6. THE TIMEKEEPER AND SCORER a. General. Rule 9 states: A Timekeeper/Scorer, referred to hereafter as the Timekeeper, shall be employed in all matches with an Assistant Scorer who shall man the scoreboard. In many cases, the Timekeeper and Scorer will be the same person. b. Timekeeper. The Timekeeper should be conversant with Rules 14 to 31 which govern his responsibilities. (i) Clocks. The Timekeeper must be provided with a proper polo stop-clock, which can be stopped and started at will. This clock will govern the time, the clock on the scoreboard is for guidance only. He will also require an ordinary stopwatch as a back up and to time the extra 5 seconds of play (see below). (ii) Five Minute Bell. The timekeeper will ring the bell five minutes before the advertised time for the start of the match to alert the teams and officials. If the players are not responding, he may be requested to ring the bell again to help get the match underway. He should not start the clock until play actually starts. (iii) Stopping the Clock. The time during which a penalty is being awarded or an accident being dealt with does not count in the 7 minutes playing time. The fact that the time is not to be counted (i.e. the clock is to be stopped) is indicated by the umpire blowing one firm blast on his whistle. (iv) Starting the Clock. The clock should be restarted once the umpire has said Play and the ball is hit or hit at. On occasion the umpires will blow for a foul as a goal is scored. Should the goal be awarded they will instruct the goal judge to wave his flag and at this moment the clock should be restarted. However should the umpire blow his whistle for a second time this will indicate that a penalty has been awarded in which case the clock should not be restarted until the penalty is taken. In the case of a Penalty One being awarded the clock is restarted when the ball leaves the umpires hand for the throw in. Note that the clock is not stopped when a goal is scored (except as above) or the ball goes over the back line for a hit in. (v) Ringing the Bell. It is the Timekeepers duty to ring the bell when 7 minutes of playing time has elapsed, and again 30 seconds later if play has not already stopped. Great care must be taken that the first stroke of the bell coincides exactly with the termination of the 7 and 712 minutes as the ball may go through the goal just before the first stroke of the bell in which case the goal should be allowed or just after in which case the goal should be disallowed. The Timekeepers responsibility in this matter is therefore of great importance. (vi) Intervals. Between each chukka there is an interval of 3 minutes. In all matches there is a half-time interval of 5 minutes. In a 5 chukka match, the interval is taken after the 3rd chukka. Should play begin before the 3 minutes are up, it is unnecessary to ring the bell but the clock should be started at the moment that play begins. If the play has not begun at the end of each interval, then the Timekeeper shall ring the bell, but he must not start the clock until play actually begins. In the event of a tie requiring that an extra chukka be played, the interval shall be 5 minutes. In this case it is the umpires duty to see that the game is not started again until the 5 minutes interval has been taken. (vii) Additional 5 Seconds. Rule 16c is extremely important to the Timekeeper, as he is the only official who can carry out this rule. c. Scorer (i) Before Match. The Polo Manager should provide a score sheet completed as far as possible. From this sheet the handicap received by a team will be put on the board by the Assistant Scorer (see below for table of Goals Awarded on Handicap). The Scorer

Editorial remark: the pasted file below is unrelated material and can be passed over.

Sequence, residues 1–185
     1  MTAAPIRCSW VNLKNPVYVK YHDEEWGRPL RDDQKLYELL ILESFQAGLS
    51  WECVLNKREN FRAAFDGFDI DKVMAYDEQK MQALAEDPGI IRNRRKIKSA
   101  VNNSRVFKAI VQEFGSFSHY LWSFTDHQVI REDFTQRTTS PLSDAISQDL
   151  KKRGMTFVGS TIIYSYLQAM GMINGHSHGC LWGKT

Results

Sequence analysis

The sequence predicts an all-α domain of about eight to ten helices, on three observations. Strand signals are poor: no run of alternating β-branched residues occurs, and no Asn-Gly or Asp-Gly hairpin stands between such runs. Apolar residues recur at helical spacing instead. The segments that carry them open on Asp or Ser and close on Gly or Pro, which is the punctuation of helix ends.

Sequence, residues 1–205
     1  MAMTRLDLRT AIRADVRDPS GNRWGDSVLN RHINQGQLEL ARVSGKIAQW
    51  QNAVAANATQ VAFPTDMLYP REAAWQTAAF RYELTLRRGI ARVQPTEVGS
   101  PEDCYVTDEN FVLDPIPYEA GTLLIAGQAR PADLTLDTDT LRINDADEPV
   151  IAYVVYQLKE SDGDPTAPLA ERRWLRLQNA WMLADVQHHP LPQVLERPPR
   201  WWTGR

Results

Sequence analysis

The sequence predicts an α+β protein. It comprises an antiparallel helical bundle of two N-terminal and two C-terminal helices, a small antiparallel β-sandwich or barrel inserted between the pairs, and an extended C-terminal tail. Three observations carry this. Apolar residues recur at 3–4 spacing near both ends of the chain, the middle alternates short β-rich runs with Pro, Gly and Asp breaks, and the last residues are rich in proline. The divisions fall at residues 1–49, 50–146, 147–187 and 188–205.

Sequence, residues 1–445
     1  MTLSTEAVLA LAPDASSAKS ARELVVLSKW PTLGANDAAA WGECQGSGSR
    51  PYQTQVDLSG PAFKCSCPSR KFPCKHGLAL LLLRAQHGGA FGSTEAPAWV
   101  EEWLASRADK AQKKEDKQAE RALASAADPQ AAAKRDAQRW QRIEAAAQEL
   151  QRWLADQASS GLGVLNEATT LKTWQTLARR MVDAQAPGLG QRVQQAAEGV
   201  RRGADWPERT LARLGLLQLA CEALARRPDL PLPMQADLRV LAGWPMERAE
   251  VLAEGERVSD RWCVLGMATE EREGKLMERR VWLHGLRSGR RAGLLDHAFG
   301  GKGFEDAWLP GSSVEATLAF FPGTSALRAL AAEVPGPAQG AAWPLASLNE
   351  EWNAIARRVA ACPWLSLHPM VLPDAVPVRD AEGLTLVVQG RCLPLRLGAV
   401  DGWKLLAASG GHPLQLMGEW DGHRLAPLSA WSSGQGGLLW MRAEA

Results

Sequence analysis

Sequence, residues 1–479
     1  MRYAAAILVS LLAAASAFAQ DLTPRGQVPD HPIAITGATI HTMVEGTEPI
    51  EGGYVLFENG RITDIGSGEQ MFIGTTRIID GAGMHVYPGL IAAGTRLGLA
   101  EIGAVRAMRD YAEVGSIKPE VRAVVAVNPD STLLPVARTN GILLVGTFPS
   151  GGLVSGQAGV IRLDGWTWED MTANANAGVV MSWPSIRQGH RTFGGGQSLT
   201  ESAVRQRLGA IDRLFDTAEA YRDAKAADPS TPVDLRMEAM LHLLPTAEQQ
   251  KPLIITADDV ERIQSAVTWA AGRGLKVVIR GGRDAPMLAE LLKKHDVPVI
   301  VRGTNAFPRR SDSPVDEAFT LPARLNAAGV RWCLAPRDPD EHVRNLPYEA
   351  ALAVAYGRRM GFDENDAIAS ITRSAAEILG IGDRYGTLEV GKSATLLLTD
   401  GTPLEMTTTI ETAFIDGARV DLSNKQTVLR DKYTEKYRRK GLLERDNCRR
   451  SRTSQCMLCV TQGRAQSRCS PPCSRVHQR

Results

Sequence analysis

ANNEX E ORDER OF MERIT WITHIN AND ACROSS LEAGUES & GROUPS
(See also Annex C)
1. GENERAL. a. This Annex lays down the rules for calculating the Order of Merit within and across leagues and groups and related issues. It should be read in conjunction with Annex C, Paragraph 6, which gives guidelines for running tournaments under the league and group systems. b. Points System. In each league or group a points system will operate for matches as follows: Played for a Win:Win = 2 Lose = 0 Played for a Draw: Win = 2 Draw = 1 Lose = 0 c. Definitions. The following definitions will apply throughout the Annex: (i) Goals Scored. This is the sum of the goals scored by and accredited to a team. (ii) Goals Scored Against. This is the sum of the goals scored by and accredited to the opponents of a team. (iii) Goal Difference. This is the sum of the Goals Scored by a team minus the Goals Scored Against. It may result in a minus total. (iv) League. A number of teams listed together which in the normal course play each other. Thus in a league of four each team plays three matches. (v) Group. A group is divided into two subgroups, each subgroup having an equal number of teams. Each team plays a match against the teams in the other subgroup; thus with two subgroups of three teams each team will play three matches.